I was hoping the wind would die down by the time I go to watch my son’s football game in Northwood, ND., tonight, but  it doesn’t look like that will happen.

    I’ll just have to hunker down in the bleachers and hope there’s not too much stuff swirling in the air while I’m trying to watch the game. My guess is  I’ll be watching a ground game. I can’t imagine fans wil  be witnessing much of a passing attack by either team.

 

A fall to remember

    What a beautiful fall!  You just can’t beat the cool nights and warm days we’ve been having during the past month. It’s been even harder for me to be inside on days like this than it was during the summer, I guess because I know that colder days aren’t too far down the road.

     Speaking of down the road, I’ve been doing a lot of walking down ours with my daughter Ellen and her dog, Rosebud. Sometimes we also take Maggie, our yellow Lab with us. Usually Maggies goes running with my husband, Brian, but lately there have been a lot of farm trucks going by our house. We don’t trust Maggie’s judgement because sometimes she decides they’re fun to chase.

       Walking  with Ellen and the dogs is a great way to get a close look  the changing countryside; the corn that has turned from green to tan, the harvested bean fields that are now mostly black and the trees that are just beginning to turn from green to gold.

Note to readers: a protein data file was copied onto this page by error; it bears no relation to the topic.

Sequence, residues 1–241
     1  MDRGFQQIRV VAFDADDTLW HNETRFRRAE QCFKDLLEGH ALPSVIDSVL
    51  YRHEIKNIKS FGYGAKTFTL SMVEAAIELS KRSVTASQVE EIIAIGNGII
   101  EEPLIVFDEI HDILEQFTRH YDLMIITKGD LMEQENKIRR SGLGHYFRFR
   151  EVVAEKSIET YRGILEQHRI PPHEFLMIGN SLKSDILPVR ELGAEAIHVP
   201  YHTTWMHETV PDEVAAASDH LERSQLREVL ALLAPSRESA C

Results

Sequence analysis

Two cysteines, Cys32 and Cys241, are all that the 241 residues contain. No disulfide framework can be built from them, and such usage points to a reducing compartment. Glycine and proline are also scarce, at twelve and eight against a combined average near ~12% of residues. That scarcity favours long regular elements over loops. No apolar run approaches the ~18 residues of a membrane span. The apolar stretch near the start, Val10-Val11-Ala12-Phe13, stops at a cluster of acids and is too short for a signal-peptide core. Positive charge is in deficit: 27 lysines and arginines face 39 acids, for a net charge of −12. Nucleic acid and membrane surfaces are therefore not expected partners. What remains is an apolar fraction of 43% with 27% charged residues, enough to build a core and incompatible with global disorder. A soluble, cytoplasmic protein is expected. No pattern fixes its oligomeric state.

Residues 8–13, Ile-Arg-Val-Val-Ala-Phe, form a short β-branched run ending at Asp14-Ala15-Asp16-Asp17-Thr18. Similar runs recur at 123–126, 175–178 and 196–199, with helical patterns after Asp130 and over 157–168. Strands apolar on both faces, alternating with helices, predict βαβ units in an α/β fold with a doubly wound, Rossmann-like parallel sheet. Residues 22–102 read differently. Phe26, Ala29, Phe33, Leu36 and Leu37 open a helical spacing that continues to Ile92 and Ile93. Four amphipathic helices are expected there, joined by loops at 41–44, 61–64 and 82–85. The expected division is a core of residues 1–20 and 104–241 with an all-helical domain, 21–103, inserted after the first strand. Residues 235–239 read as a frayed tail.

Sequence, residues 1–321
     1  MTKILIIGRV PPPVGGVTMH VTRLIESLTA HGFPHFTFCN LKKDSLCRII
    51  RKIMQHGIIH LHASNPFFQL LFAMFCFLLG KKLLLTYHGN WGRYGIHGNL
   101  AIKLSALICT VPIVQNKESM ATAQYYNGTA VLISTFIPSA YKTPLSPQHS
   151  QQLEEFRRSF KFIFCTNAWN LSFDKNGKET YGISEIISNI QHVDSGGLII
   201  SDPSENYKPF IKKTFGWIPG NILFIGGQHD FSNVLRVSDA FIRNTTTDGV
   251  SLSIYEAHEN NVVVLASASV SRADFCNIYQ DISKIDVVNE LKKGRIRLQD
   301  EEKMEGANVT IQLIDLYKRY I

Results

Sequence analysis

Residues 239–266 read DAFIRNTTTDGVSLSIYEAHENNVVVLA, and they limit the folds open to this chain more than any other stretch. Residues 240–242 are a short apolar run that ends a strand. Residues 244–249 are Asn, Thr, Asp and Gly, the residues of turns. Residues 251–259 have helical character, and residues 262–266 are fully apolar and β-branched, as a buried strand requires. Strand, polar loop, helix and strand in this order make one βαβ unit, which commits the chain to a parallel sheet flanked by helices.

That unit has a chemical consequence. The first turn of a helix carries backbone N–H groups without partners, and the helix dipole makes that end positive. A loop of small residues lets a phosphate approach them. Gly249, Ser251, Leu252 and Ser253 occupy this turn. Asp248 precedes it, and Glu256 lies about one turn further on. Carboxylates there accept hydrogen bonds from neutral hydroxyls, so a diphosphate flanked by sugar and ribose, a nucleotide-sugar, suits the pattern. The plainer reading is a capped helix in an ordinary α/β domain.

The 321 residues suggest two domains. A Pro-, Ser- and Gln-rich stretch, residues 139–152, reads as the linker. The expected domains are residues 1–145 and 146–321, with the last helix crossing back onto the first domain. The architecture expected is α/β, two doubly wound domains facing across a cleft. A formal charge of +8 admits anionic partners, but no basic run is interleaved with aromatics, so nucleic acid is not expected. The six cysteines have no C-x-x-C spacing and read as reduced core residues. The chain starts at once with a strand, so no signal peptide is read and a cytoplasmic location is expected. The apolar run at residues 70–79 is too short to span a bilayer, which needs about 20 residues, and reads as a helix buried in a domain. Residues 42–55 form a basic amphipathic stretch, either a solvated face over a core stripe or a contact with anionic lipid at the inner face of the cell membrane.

The weather has been lovely for walking . My only challenge is to get home from work in time to do it before it gets dark. I may have to start walking before supper because it’s hard to get 30 minutes in afterwards. By the time my sons are home from football practice and we finish eating it’s often after 7 p.m. By 7:30 p.m., it’s pretty dark and the dogs become kind of a coyote magnet. I’d rather not have their company on our walks if I can avoid it.

Wishing for ice cream

   If you’re like me, any day is a good day to eat ice cream. Today I have even more incentive. The Cold Stone Creamery in Grand Forks, like those nationwide, is hosting an ice cream social from 5 to 8 p.m. where customers can get a free taste of its Sprinkled with Wishes Creation of ice cream, brownie, rainbow, sprinkles and fudge.

      This is the 10th year that Cold Stone Creamery restaurants across the United States have helped the Make-A-Wish Foundation during September by accepting donations for the organization which helps make wishes come true for children with life-threatening medical conditions. This month customers can buy a Make-A-Wish paper star for a dollar.

           My daughter, Ellen, and our family went on a Make-A-Wish trip in December 2008, a few months after she was diagnosed with leukemia. Ellen chose to go to Vanouver, B.C., to see the movie set of Santa Buddies, which features the Air Buddies golden retrievers puppies. After we returned home from our trip, Anna McRoberts, the writer-producer of the movie shipped us Rosebud, the Buddies puppy that Ellen fell in love with while she was on the set.

         Ellen and Rosebud will be at Coldstone in Grand Forks from 5 to 6:30 p.m. today. Ellen, who is now 8 and cancer-free, will be dishing up ice cream. Rosebud, who is now three and still a cutie, will be greeting people and posing for pictures outside the restaurant.

               Hope to see you there!